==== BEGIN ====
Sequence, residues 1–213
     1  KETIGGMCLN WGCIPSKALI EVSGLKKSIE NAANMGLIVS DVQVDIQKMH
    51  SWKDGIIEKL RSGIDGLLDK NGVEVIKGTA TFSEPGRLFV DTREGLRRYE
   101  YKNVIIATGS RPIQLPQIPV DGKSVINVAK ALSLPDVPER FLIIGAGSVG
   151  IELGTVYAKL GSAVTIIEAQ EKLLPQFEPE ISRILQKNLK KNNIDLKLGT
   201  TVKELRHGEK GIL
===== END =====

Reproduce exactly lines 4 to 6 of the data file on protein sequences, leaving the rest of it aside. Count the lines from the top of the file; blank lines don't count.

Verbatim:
   101  YKNVIIATGS RPIQLPQIPV DGKSVINVAK ALSLPDVPER FLIIGAGSVG
   151  IELGTVYAKL GSAVTIIEAQ EKLLPQFEPE ISRILQKNLK KNNIDLKLGT
   201  TVKELRHGEK GIL